Native Bumble Bee Nest Removal
The population levels of many of the indigenous Bumble Bee species living here on the North Shore are known to be declining. Studies have shown that one type, the Western Bumble Bee, which was estimated in 1984 to account for approximately half of all the Bumble Bees in our area, has nowlost up to 95% of its population and will soon disappear entirely from our gardens and yards if no action is taken to help preserve them.
In an effort to help maintain the natural diversity and population levels of these vitally important environmental partners we have begun a education and conservation program here on the North Shore.The “BeeFriendly” program is being developed to help create a better understanding of the life-cyclesof the native bee species in our community and to learn how to successfully remove and relocate their nests from properties and locations in which they are discovered and are not wanted or not viable.
The Bumble Bee species native to the North Shore have a nesting cycle that typically begins each year in late March or early April, with the establishing of a new nesting site, and continues until mid Sept. or early Oct., at which time the colony dies off and the newly mated Bumble Bee Queen bees begin their winter “hibernation” underground. Bumble Bee nest populations rarely exceed more than 300 individual members at one time and generally do very little damage to the environment, natural or man-made, in which they are located.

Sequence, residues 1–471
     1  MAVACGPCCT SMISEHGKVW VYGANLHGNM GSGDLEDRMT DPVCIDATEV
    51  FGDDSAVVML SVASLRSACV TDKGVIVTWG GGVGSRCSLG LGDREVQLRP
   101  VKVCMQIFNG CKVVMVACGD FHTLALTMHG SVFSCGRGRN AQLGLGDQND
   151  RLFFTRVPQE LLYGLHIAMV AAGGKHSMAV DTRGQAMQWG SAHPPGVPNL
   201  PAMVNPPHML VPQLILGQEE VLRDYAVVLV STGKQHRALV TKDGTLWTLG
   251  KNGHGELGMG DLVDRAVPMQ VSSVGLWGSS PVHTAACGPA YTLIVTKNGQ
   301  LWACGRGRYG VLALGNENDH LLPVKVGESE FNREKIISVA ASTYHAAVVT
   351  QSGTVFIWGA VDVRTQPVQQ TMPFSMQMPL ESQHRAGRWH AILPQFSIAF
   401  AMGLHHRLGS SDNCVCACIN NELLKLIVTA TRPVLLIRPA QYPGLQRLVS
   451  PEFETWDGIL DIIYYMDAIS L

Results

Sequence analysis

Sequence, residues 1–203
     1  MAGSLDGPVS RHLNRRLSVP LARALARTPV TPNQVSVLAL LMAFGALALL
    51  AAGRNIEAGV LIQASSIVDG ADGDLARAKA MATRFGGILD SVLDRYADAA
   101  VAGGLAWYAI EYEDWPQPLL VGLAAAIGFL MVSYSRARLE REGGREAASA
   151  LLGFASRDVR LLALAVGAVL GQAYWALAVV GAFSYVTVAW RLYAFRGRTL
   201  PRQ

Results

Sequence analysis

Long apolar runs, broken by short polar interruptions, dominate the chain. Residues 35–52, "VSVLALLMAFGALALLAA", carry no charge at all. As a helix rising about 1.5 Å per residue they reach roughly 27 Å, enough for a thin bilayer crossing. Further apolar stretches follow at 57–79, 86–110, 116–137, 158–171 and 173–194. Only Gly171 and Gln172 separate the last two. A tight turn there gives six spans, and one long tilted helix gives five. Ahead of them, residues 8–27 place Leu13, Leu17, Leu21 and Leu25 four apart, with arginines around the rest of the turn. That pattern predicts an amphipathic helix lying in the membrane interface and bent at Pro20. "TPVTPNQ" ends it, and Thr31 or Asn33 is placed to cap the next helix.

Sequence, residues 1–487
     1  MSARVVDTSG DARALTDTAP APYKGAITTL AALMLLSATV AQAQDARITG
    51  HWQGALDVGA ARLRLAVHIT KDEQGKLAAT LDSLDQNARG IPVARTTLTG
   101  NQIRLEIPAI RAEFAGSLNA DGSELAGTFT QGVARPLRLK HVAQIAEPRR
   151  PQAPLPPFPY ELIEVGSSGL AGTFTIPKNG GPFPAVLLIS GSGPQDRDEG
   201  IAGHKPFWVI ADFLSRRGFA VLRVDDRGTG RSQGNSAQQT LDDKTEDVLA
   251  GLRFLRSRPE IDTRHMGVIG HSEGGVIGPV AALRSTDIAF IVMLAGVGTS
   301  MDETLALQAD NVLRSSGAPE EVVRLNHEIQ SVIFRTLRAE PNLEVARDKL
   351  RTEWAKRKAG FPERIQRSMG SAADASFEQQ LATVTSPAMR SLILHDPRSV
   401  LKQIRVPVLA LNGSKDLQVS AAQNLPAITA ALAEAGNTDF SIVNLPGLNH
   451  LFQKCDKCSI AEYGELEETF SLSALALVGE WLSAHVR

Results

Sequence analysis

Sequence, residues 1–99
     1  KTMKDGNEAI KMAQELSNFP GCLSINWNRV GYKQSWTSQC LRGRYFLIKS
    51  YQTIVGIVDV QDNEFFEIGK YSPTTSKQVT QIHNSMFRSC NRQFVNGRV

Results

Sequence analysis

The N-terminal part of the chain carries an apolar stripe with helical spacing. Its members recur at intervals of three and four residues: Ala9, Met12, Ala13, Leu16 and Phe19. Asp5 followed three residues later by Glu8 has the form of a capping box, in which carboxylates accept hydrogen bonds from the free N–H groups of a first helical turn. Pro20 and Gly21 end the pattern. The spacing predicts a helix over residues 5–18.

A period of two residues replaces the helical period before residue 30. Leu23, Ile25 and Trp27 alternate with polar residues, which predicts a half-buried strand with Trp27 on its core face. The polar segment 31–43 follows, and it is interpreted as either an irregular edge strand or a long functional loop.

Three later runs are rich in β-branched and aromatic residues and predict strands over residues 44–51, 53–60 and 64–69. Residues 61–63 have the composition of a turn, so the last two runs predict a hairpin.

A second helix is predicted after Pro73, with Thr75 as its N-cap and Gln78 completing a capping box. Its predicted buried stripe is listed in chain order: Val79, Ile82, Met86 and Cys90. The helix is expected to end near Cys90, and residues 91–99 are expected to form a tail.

Bumble Bees, like any other creature, will defend it’s home when invaded or attacked, but are generally, under normal circumstances, a very docile and gentle type of bee. Not very interested in doing anything more than collecting the pollen and nectar it needs to rear it’s young and maintain the colony.
The removal and relocating of an established Bumble Bee Nest is a very stressful and disruptive process for the colony and the Bumble Bee Queenquite often stops laying eggs as a result of the move, leading to the collapse of the colony and loss of the only fertile female. Re-locations of healthy Bumble Bee nests have a very poor level of success in most cases, and for this reason we recommend that whenever possible, the bees should be left undisturbed and allowed to complete the cycle of life that has ensured their survival for an estimated 20 million years.